General Motors said on Tuesday that it made $3.1 billion in profit from July through September, a year-over-year decline of more than 7 percent that was due partly to the six-week strike by the United Automobile Workers, which has idled two of the company’s vehicle plants and 18 of its parts distribution centers.
G.M. said the strike had lowered its earnings before interest and taxes by about $200 million in the final weeks of the third quarter, and by about $600 million since the fourth quarter started on Oct. 1. The automaker also estimated that the strike could cost it $200 million a week going forward.
“We continue to be optimistic we will be able to reach an agreement as soon as possible,” G.M.’s chief financial officer, Paul Jacobson, said in a conference call with reporters, but he declined to say if the company believed it was near a deal on a new contract with the U.A.W.
On Friday, G.M. gave the union a contract offer that included a 23 percent increase in wages over four years. That would lift the standard U.A.W. wage from $32 an hour to more than $40. At that wage, an employee working 40 hours a week would earn about $84,000 a year, not including extra pay for overtime or profit-sharing bonuses, which have topped $10,000 in the past two years.
Mr. Jacobson said negotiations with the union were continuing. The union’s strike, which has targeted specific sites owned by Detroit’s Big Three automakers, has idled a G.M. pickup truck plant in Missouri and another in Michigan that makes large sport utility vehicles.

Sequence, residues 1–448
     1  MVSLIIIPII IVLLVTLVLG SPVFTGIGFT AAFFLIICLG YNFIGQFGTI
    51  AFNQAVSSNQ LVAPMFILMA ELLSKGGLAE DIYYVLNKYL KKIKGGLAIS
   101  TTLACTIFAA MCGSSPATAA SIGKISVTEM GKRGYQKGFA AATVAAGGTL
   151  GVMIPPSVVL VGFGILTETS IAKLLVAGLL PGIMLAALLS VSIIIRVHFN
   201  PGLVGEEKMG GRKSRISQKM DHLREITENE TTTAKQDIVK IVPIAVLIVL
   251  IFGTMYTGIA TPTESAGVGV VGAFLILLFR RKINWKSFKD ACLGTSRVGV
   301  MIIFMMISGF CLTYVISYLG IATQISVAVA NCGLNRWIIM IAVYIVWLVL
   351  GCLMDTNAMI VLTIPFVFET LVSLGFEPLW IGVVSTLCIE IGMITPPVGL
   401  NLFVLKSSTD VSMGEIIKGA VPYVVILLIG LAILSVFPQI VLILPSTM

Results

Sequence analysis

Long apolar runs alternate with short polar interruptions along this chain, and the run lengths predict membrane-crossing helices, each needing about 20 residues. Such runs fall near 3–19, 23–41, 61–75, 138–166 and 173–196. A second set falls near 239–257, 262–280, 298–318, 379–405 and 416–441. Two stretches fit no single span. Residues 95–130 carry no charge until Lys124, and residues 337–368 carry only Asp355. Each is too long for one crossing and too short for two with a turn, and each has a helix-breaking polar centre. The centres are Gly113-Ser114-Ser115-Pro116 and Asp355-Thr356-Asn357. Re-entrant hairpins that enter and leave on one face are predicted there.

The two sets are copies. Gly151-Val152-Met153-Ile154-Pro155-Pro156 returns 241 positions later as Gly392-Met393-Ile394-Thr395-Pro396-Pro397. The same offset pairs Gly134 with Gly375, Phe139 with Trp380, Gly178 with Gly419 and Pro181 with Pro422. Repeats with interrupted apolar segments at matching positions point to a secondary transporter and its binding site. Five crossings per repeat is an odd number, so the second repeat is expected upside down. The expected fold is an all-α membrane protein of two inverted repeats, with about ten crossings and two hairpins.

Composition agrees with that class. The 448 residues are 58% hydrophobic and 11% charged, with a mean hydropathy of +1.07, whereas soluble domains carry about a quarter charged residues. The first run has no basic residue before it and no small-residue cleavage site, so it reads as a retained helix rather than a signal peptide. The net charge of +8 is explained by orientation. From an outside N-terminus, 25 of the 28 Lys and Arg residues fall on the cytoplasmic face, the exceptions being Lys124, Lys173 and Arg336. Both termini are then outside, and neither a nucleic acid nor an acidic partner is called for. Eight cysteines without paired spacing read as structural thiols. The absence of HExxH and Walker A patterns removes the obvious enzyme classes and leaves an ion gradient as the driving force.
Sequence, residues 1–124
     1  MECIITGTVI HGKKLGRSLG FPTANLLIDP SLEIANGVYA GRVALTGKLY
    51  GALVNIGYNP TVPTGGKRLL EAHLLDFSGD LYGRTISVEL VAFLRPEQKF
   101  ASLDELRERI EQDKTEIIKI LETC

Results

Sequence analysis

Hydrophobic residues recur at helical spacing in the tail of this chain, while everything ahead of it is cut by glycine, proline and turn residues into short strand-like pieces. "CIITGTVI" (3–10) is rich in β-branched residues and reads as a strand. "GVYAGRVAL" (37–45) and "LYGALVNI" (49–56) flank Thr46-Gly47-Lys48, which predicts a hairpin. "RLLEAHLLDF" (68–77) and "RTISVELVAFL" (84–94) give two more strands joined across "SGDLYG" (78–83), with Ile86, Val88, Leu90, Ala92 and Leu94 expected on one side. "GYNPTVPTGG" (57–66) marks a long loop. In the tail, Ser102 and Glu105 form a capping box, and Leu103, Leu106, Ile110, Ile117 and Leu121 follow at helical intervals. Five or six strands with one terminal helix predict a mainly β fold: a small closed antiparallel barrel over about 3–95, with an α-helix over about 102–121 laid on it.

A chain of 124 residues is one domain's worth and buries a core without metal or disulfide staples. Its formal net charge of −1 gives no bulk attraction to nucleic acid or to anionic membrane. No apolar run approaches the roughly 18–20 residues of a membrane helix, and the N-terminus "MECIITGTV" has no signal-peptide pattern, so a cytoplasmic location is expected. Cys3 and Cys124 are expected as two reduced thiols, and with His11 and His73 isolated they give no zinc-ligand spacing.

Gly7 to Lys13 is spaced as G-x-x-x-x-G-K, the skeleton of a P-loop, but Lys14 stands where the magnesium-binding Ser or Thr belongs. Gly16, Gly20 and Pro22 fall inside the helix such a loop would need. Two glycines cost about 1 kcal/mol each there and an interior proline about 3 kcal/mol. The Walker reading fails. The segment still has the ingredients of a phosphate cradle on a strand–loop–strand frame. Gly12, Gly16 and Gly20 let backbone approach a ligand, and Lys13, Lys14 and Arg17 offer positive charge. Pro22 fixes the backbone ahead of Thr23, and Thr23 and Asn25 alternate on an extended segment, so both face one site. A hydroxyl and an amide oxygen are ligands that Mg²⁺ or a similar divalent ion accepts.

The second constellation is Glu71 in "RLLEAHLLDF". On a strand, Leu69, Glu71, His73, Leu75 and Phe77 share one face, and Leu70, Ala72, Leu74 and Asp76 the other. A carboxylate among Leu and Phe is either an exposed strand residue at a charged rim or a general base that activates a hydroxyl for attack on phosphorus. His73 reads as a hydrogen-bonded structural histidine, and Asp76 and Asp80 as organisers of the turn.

In the third quarter, G.M. earned almost all of its profit in North America, which is largely driven by factories in the United States staffed by U.A.W. members. Its bottom line was hurt by a 42 percent drop in profits from its joint ventures in China, a small profit decline in its financial arm and a loss from its Cruise division, which is working to develop self-driving cars.
Despite the strike, G.M. reported that its revenue rose about 5 percent in the third quarter, to $44.1 billion. It sold 981,000 vehicles globally in the quarter, about 15,000 more than a year earlier.
Mr. Jacobson said that G.M. hoped to introduce redesigned S.U.V. models that would be more profitable than those they were replacing, and that the company would save money by slowing its planned rollout of electric vehicles. G.M. recently said it was pushing back the start of production of electric pickups at a plant in Orion, Mich., from 2024 to late 2025, in response to slower-than-expected growth in sales of E.V.s.
While G.M. is now planning a slower ramp-up of E.V. production in 2025, it still aims to be able to produce one million electric vehicles a year in North America by the end of 2025, Mr. Jacobson said.
“Our commitment to an all-E.V. future is as strong as ever,” he said.